Pakistani doctor faces being struck off after groping patient's breasts
A PAKISTANI doctor who moved to the UK with his wife to further his medical career faces being struck off after he was found guilty of groping a patient's breasts whilst working at a hospital A&E unit.
Syed Bukhari faces being struck off after he was found guilty of groping a patient's breasts
Syed Bukhari, 35, molested the 28-year old woman twice in two days whilst she was being treated for chest pains and palpitations when he deliberately "targeted" her whilst doing his rounds.
The unnamed woman was left embarrassed and distressed after Bukhari fondled and cupped her breasts in his hands in a 90 second "massages" then touched her legs and placed his hand beneath her underwear whilst asking her whether was in pain.
The doctor also gave her his yahoo email address, tried to send her an email, asked where she lived and whether was taking contraception and told her: "We'll be friends forever."
The patient later made a complaint and said: "I felt very uncomfortable and nervous.
"I spoke to a nurse and asked her if the doctor coming to see me was a nice doctor because I felt uncomfortable with the previous one. I was quite tearful and upset.
"You just put your trust in a doctor, I assumed he was doing what he had to do.
"After he left I said to the other girls in the ward that I was really uncomfortable and he was in my pants and everything and they said 'that's not right'."
Bukhari - who arrived in Britain with his college student wife in 2010 - was initially reported to police but after he was cleared of wrongdoing at a criminal he was ordered to face a misconduct tribunal by the General Medical Council.
At the Medical Practitioners Tribunal Service in Manchester he was found guilty of all charges and now faces being struck off.
The hearing was told the loss of his medical career would mean he now could be deported back to his native Pakistan by the Home Office.
The incidents occurred in July 2013 when the woman known as Patient A had been admitted to the A&E unit at Wishaw General Hospital in Craigneuk, North Lanarkshire, Scotland.
Expert witness Dr Michael Fertleman told the hearing: "I can see no reason for such a physical examination to have taken place and I am not aware of any recognised physical examination which would involve massaging the breasts in a circular manner and moving towards the nipples in a circular manner as described by Patient A."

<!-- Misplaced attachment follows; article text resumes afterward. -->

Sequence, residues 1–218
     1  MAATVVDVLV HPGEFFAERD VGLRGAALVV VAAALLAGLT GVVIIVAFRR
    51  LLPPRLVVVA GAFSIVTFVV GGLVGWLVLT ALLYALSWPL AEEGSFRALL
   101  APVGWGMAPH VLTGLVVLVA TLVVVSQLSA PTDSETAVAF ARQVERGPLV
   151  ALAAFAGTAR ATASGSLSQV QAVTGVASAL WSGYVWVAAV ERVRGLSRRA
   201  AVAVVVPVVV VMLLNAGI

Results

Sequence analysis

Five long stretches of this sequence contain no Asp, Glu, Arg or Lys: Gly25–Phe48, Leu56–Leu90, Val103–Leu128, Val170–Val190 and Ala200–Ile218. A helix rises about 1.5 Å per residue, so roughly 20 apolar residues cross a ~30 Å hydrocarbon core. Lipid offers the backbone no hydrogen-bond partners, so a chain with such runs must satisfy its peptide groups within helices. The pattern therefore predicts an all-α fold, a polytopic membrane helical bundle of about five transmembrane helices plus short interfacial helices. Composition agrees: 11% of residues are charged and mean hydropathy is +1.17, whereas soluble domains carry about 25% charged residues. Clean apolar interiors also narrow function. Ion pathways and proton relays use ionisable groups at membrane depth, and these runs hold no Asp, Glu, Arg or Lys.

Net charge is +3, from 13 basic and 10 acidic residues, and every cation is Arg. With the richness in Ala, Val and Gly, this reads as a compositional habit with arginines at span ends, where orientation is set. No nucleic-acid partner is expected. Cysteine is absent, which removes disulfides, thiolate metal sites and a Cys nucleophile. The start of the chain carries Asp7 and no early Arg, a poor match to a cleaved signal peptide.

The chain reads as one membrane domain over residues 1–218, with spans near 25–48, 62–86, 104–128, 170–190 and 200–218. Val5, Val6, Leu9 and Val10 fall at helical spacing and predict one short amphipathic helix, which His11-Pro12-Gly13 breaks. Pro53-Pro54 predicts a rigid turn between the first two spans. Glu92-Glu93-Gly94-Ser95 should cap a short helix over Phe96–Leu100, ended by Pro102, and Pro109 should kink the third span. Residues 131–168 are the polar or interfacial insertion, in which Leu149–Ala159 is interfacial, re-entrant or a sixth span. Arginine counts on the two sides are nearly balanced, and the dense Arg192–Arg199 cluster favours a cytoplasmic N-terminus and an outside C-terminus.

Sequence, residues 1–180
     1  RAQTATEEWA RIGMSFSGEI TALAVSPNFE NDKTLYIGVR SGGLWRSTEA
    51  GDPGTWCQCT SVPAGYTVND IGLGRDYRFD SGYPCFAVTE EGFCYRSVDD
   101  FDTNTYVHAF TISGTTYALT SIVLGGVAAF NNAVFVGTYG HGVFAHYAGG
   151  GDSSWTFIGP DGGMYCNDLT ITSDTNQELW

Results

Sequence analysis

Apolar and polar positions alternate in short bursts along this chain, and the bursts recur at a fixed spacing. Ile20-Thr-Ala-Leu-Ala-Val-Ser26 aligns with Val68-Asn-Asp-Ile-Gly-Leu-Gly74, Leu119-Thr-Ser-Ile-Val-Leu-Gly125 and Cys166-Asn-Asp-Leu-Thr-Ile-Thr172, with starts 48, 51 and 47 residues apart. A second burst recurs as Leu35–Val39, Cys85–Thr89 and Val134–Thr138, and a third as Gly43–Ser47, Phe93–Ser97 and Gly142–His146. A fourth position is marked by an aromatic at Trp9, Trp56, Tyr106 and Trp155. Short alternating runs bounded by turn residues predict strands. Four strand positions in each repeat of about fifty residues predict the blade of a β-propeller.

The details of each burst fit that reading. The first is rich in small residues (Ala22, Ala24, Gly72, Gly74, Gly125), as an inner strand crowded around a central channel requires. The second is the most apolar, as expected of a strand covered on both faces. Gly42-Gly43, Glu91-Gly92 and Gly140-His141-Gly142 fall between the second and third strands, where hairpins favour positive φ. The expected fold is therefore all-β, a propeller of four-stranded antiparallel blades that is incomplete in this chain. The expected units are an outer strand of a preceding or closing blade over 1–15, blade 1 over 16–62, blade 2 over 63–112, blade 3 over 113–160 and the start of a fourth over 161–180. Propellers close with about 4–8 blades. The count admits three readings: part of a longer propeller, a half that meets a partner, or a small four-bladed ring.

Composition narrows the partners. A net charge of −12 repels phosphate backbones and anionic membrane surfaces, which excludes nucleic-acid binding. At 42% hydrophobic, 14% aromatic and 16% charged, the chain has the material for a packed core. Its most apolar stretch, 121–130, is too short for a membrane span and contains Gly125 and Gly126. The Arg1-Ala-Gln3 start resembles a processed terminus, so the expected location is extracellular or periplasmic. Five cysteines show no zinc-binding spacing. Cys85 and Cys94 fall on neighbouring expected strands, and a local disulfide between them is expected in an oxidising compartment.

Following the allegation, Bukhari, from Inverness was suspended by the hospital but he got a job at another health trust in Scotland after wrongly saying the sexual assault allegations had been "completely resolved."
During the hearing he denied wrongdoing and insisted that in his native Pakistan it was common practice for doctors to hand over email addresses to patients and he said he asked where she lived as "normal chit chat".
He also said he felt no sexual attraction to the woman.
But panel chairman Paul Curtis said: "The Tribunal does not accept you had 'randomly selected' her file.
"The Tribunal considers it more likely that you saw her on the ward and then you deliberately selected her file and decided to review her of your own accord.
"You had undertaken inappropriate examinations of Patient A over the course of two days and these were sexually motivated and you attempted to pursue a sexual relationship with Patient A by asking for her email address.
"Such conduct by one of the profession's members can erode public confidence in the medical profession as a whole."
A decision on whether to strike off Dr Bukhari from the medical register will be taken later.